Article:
New Tuesday: Rick Mercer Report, 22 Minutes

Rick Mercer Report, CBC
Rick is a drum major in Collingwood, Ontario’s annual Santa Claus parade and then he’s off to board a freighter through the Welland Canal and find out how the locks operate.

22 Minutes, CBC
This week: 22 Minutes presents “Coronation Street” with insightful English subtitles, Thomas Mulcair (Mark Critch) spins recent polling numbers into an NDP victory, and illusionist, David Blaine (Shaun Majumder) reveals his new show “Dr. Magic”.


5 thoughts on “New Tuesday: Rick Mercer Report, 22 Minutes”

  1. Was reading an article about NBC’s rating and how a lot of their flagship shows are getting a little long in the tooth, drawing more of a 50+ crowd.

    Curious: What age do Mercer and 22 minutes skew? Diane had mentioned a blogger who tracks in depth stuff like that on his free time, but can’t remember who it is.

  2. Christopher – every U.S. network now skews older than 50+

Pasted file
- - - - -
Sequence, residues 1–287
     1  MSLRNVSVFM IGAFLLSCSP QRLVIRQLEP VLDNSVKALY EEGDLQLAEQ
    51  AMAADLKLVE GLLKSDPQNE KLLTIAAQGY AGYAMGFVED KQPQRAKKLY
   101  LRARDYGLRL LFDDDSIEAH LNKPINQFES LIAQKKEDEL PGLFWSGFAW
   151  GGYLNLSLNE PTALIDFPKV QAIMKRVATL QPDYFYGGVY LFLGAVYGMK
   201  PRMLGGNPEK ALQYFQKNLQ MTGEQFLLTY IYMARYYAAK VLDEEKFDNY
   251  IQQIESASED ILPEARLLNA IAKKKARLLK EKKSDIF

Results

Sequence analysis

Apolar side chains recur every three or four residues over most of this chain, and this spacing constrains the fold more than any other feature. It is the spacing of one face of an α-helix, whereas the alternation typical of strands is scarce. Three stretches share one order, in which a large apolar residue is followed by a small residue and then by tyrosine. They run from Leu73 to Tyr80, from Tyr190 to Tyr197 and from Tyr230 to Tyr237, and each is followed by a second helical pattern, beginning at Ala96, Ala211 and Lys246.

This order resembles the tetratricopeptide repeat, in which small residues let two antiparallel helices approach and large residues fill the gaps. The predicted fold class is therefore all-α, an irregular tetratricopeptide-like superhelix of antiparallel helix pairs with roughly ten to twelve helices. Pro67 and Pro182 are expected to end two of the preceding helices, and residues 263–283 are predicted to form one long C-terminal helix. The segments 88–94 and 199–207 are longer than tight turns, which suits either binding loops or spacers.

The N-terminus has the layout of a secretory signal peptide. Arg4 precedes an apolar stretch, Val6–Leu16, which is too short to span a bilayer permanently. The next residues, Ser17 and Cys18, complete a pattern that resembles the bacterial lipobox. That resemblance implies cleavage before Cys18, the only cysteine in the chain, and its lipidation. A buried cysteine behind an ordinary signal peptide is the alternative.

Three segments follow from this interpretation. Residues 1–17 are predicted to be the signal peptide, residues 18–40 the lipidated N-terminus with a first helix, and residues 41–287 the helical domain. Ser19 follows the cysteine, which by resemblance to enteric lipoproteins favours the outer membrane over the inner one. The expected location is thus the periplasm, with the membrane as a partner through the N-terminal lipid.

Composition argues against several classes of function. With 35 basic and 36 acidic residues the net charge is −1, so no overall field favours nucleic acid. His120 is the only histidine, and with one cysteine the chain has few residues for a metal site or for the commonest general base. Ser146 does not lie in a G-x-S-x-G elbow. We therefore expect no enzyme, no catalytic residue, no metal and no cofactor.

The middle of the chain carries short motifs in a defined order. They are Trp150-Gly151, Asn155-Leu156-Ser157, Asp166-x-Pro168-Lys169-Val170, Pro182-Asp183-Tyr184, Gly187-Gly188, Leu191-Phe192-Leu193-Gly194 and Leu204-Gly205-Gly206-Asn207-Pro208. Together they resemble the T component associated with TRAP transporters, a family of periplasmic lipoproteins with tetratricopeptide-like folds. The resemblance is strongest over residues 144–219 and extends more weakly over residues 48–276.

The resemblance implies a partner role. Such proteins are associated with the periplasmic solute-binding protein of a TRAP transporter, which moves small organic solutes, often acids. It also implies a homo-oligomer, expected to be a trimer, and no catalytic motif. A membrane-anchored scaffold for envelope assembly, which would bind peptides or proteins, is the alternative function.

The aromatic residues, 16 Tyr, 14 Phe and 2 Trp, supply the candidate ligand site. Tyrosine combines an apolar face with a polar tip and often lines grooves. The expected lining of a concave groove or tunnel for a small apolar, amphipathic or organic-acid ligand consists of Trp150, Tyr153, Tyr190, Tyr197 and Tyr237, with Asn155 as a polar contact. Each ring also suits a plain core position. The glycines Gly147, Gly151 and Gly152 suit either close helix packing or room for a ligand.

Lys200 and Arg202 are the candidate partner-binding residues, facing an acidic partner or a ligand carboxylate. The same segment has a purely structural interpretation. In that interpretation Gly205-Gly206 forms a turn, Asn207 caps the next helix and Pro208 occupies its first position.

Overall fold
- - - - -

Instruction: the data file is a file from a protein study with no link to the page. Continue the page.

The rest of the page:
CBS is oldest, but only by a year or so. That Rubicon was passed at least 5-7 years ago. Even FOX is above 50.

    CBC is no different, but I’m pretty sure neither is Global, CTV or even City.

  3. FOX Network does have the youngest skewing shows of the four bcast networks, in Family Guy & Simpsons, which pulls down its median age somewhat overall. But it’s still well north of 50+.

    And FXX and FX are both cable channels. You’re comparing apples and oranges. CBC is a broadcast network.

    Ironside was cancelled not because it did poorly, but because it had the oldest skewing audience on TV. Mindy Project hangs on because the audience is small, but the “right” audience.

    It doesn’t matter if Simpsons or Family Guy’s ratings tumble (which they have) because they’re still golden in the demo.

    CBS has a vast edge in viewer numbers but NCIS isn’t as valuable as it would be if most of its audience isn’t 65+. None of this calculus is new — it’s been priced in to the TV game for 15+ years.

    PVR number delays, and the aggregate total numbers between Cable & Network getting closer — that’s new. But it still doesn’t rate a direct cable to network comparison because the metrics and revenue stream is different. Cable shows are also much less expensive to produce than network shows.

    It’s complicated. And really one of those areas where drawing the wrong conclusions based on a tiny bit of data not in its full context isn’t helpful.

    So of course most Canadian Data information is still under lock and key. Wouldn’t want everybody to be able to make informed decisions. That would suck.*

    *might not actually suck

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